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  • Sound Waves: An Rx for High Blood Pressure, Migraine?

    Posted: 09/25/2016

    Sound Waves: An Rx for High Blood Pressure, Migraine? FRIDAY, Sept. 16, 2016 (HealthDay News) -- A new sound-based therapy appears to reduce blood pressure and ease migraine symptoms, according to a pair of small studies. The therapy initially reads brain activity through scalp sensors. That activity is then converted into a series of audible tones. The tones are then reflected back to the brain through earbuds in a matter of milliseconds, explained Dr. Charles Tegeler, a professor of neurology with Wak...

  • Surprise! Beer Makes You Happier, Friendlier

    Posted: 09/25/2016

    Surprise! Beer Makes You Happier, Friendlier MONDAY, Sept. 19, 2016 (HealthDay News) -- Raise a glass of your favorite brew and toast the Swiss researchers who offer scientific proof for what you surely suspected and probably hoped. Drinking beer does make you friendlier, happier, less inhibited -- maybe even sexier, they report. But that's not all. "We found that drinking a glass of beer helps people see happy faces faster, and enhances concern for positive emotional situations," said lead researcher M...

  • Sleep Troubles, Heart Troubles?

    Posted: 09/25/2016

    Sleep Troubles, Heart Troubles? MONDAY, Sept. 19, 2016 (HealthDay News) -- Sleep disorders -- including too little or too much sleep -- may contribute to heart disease risk factors, the American Heart Association said in its first statement on the risks of sleep problems. But, the heart group stopped short of recommending a certain amount of sleep per night. "We know that short sleep, usually defined as under seven hours per night, overly long sleep, usually defined as more than nine hours per night, an...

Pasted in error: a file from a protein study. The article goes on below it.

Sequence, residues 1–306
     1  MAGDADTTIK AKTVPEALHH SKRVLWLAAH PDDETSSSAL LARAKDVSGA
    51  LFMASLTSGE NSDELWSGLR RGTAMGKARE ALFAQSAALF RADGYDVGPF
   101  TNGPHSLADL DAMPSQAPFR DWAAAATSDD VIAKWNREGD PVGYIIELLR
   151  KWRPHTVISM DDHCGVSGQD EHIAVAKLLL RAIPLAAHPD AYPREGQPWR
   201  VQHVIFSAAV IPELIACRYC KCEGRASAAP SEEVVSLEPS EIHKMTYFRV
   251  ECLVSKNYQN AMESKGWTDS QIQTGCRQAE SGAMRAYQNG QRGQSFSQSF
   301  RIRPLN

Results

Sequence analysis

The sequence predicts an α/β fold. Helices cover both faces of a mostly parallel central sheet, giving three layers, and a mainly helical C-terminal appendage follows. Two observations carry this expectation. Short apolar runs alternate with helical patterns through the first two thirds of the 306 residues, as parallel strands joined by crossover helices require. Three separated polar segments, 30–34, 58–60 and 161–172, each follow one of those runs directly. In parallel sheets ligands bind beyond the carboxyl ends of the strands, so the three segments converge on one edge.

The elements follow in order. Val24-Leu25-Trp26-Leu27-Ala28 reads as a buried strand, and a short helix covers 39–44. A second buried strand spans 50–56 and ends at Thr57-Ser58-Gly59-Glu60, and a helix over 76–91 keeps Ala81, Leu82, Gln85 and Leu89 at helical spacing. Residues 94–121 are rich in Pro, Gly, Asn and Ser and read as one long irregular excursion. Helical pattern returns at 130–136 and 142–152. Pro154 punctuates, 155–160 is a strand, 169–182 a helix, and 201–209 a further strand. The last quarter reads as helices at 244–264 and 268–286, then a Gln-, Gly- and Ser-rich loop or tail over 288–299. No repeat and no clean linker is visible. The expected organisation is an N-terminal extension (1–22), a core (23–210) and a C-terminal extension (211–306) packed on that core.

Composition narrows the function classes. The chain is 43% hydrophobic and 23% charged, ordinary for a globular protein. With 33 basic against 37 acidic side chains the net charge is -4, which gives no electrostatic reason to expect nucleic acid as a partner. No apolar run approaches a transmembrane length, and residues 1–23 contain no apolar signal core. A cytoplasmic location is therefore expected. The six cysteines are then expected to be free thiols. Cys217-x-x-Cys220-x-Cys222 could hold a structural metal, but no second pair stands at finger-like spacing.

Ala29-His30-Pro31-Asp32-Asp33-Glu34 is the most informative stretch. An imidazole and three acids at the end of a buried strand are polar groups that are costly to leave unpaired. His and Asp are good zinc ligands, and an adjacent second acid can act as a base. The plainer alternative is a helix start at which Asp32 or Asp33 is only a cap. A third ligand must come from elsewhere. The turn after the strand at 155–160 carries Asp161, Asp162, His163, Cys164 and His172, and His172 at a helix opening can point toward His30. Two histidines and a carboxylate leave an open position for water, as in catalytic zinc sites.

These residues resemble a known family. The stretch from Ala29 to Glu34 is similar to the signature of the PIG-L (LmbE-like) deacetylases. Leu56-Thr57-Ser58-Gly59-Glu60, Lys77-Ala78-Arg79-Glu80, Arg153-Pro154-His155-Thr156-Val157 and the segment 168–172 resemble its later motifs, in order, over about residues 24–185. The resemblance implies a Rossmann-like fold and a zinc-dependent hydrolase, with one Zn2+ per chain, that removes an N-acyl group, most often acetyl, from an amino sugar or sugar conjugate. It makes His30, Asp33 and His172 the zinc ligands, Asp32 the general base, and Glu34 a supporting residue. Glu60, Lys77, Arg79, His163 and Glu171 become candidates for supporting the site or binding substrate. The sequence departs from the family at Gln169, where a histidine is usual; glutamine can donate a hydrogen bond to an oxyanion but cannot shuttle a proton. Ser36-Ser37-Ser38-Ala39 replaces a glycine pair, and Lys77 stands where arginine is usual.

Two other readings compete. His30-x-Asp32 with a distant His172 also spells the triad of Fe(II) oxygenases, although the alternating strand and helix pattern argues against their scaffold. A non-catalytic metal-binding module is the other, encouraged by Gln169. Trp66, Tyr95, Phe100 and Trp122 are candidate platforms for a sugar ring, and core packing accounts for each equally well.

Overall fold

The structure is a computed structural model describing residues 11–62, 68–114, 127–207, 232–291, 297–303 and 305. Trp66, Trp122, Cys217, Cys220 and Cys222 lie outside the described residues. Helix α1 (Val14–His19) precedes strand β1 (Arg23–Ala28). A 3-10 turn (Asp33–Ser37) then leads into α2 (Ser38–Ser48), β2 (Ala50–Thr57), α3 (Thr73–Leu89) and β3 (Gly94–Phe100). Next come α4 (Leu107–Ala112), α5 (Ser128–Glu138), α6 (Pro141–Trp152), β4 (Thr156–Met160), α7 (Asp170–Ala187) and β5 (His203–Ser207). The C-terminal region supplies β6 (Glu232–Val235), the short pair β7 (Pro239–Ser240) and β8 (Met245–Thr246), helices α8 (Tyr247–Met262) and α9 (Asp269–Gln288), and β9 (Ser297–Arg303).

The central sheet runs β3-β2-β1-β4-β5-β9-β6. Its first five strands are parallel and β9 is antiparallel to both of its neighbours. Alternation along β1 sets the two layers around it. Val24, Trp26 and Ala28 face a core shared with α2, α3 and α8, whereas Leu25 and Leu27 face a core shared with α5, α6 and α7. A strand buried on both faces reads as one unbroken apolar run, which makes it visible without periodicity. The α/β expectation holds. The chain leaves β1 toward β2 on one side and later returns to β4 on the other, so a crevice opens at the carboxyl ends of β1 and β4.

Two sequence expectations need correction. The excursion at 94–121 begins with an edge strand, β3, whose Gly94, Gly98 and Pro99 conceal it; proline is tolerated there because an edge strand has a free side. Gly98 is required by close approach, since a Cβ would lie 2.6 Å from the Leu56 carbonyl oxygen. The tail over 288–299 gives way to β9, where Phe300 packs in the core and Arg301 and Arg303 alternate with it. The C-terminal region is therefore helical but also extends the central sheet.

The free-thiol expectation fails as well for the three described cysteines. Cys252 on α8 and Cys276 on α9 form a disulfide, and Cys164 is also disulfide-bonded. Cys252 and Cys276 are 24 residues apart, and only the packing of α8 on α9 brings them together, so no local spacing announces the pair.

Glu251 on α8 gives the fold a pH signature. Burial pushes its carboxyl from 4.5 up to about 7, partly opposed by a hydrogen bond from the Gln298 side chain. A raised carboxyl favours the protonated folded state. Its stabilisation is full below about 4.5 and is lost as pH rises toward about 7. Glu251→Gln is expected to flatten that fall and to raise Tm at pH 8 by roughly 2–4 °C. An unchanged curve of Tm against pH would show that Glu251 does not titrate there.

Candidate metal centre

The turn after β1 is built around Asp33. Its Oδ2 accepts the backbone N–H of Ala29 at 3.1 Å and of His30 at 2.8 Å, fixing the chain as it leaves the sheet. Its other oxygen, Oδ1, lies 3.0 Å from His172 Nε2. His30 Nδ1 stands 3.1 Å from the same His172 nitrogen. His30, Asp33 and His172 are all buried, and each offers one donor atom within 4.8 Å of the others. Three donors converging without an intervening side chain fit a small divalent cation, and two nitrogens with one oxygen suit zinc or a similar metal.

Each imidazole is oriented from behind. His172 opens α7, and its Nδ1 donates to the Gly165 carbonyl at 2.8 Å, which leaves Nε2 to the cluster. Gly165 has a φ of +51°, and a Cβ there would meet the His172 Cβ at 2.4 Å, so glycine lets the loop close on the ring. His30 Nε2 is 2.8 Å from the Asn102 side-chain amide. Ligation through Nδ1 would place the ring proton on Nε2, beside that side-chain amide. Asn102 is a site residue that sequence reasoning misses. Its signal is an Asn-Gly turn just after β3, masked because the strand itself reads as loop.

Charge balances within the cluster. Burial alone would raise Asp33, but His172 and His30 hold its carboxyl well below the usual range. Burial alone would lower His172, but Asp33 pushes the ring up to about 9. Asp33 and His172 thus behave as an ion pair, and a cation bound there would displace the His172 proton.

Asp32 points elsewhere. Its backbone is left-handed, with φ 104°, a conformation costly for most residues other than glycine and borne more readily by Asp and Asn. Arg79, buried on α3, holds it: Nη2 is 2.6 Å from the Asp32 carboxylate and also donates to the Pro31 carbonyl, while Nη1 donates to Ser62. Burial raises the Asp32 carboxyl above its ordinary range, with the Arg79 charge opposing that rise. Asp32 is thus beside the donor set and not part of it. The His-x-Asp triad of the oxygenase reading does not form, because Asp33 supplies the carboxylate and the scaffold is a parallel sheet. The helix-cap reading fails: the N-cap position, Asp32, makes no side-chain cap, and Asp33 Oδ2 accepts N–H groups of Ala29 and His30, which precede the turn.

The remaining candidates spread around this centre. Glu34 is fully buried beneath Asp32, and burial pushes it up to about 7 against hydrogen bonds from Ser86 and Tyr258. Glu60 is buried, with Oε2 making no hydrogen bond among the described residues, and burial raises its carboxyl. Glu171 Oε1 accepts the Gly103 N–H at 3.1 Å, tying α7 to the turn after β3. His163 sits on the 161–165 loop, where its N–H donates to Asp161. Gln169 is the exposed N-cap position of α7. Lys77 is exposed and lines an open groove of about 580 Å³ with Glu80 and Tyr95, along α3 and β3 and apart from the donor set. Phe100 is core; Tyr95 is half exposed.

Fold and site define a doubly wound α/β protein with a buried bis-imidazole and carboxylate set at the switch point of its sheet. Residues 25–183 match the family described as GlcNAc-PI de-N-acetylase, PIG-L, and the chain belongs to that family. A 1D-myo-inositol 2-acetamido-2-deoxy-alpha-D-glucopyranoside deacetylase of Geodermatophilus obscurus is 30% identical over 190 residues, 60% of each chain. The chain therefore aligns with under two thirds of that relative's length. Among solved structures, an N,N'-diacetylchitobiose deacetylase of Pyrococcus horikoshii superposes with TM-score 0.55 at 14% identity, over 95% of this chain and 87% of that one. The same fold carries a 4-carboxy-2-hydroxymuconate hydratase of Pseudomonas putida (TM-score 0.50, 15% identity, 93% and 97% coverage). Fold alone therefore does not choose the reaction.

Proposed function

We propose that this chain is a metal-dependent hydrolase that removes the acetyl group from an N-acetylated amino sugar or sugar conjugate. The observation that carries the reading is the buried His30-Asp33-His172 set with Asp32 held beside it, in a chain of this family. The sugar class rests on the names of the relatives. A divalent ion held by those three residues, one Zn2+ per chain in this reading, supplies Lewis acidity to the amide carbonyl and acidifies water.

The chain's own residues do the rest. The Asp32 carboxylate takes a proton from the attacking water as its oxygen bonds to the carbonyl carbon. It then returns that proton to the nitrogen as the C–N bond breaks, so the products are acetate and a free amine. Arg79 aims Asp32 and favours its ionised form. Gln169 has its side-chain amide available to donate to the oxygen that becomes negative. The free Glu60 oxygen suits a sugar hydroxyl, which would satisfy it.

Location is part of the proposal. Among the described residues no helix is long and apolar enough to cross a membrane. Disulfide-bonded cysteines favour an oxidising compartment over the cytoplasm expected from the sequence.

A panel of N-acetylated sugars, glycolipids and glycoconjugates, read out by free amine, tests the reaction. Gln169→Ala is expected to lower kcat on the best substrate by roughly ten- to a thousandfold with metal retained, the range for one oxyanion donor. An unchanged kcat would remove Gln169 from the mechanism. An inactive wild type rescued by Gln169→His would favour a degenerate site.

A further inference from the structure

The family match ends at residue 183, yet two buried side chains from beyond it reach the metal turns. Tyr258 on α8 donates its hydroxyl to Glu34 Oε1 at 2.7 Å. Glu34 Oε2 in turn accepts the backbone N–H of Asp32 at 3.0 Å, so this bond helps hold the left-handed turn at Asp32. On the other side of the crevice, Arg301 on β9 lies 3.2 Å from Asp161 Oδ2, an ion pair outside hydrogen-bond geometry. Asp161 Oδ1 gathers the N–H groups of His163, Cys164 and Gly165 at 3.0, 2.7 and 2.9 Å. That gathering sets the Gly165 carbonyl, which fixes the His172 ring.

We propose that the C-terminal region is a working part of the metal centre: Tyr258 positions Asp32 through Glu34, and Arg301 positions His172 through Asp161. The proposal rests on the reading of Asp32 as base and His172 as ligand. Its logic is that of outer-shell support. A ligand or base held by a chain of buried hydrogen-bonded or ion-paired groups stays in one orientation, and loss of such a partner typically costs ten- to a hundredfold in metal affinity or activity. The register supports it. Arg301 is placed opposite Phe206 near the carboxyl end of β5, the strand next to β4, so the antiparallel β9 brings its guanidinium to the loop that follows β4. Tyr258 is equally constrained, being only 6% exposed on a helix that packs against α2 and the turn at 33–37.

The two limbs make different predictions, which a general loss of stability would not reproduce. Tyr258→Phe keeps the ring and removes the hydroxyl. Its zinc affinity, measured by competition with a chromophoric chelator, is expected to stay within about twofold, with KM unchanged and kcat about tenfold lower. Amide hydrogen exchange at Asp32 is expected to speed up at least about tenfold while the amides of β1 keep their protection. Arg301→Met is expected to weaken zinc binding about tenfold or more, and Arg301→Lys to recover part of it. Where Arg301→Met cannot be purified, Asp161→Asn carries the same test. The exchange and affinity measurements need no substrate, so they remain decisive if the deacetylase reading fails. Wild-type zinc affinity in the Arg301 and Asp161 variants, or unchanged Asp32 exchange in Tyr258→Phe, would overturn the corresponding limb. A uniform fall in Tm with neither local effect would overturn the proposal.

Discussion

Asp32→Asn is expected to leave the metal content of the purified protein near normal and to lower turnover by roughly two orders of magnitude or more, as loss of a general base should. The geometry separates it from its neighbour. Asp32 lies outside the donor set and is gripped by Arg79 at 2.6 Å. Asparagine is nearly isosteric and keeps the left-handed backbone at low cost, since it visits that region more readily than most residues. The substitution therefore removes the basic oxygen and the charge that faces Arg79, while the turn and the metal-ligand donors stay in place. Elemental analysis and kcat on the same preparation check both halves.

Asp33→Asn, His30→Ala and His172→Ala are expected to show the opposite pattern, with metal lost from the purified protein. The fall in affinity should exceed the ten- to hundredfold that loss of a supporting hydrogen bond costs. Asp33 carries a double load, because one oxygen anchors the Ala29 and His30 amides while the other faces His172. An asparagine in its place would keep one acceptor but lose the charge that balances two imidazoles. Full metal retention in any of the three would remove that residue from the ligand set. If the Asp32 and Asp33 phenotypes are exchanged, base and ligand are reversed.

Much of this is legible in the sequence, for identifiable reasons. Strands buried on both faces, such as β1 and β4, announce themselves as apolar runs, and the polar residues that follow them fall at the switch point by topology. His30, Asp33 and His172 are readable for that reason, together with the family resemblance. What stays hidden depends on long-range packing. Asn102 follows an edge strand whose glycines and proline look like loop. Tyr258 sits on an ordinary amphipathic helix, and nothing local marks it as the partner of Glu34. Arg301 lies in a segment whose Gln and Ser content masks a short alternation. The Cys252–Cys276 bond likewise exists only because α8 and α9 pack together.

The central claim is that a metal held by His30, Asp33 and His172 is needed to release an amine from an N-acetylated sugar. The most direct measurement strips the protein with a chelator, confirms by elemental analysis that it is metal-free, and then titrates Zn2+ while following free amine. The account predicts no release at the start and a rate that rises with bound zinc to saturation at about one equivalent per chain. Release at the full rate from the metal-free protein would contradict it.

• Suicide Can Strike Children as Young as 5: Study

    Posted: 09/25/2016

    Suicide Can Strike Children as Young as 5: Study MONDAY, Sept. 19, 2016 (HealthDay News) -- A startling new study warns that some preteen children -- even as young as 5 years old -- may be at risk of suicide. Black elementary school-age boys seem to have a higher risk, even though black teens and young adults have lower rates of suicide than whites, the study authors noted. "Adults need to realize that school-age children as young as 5 kill themselves," said Dr. Gregory Fritz, director of the Division o...

  • Smoking Leaves Lasting Marks on DNA: Study

    Posted: 09/25/2016

    Smoking Leaves Lasting Marks on DNA: Study TUESDAY, Sept. 20, 2016 (HealthDay News) -- Smoking cigarettes can leave a lasting imprint on human DNA, altering more than 7,000 genes in ways that may contribute to the development of smoking-related diseases, a new study says. Reviewing results from blood samples taken from nearly 16,000 people in 16 prior studies, the researchers also found that for those who stopped smoking, most genes "recovered" within five years of quitting. "Although this emphasizes th...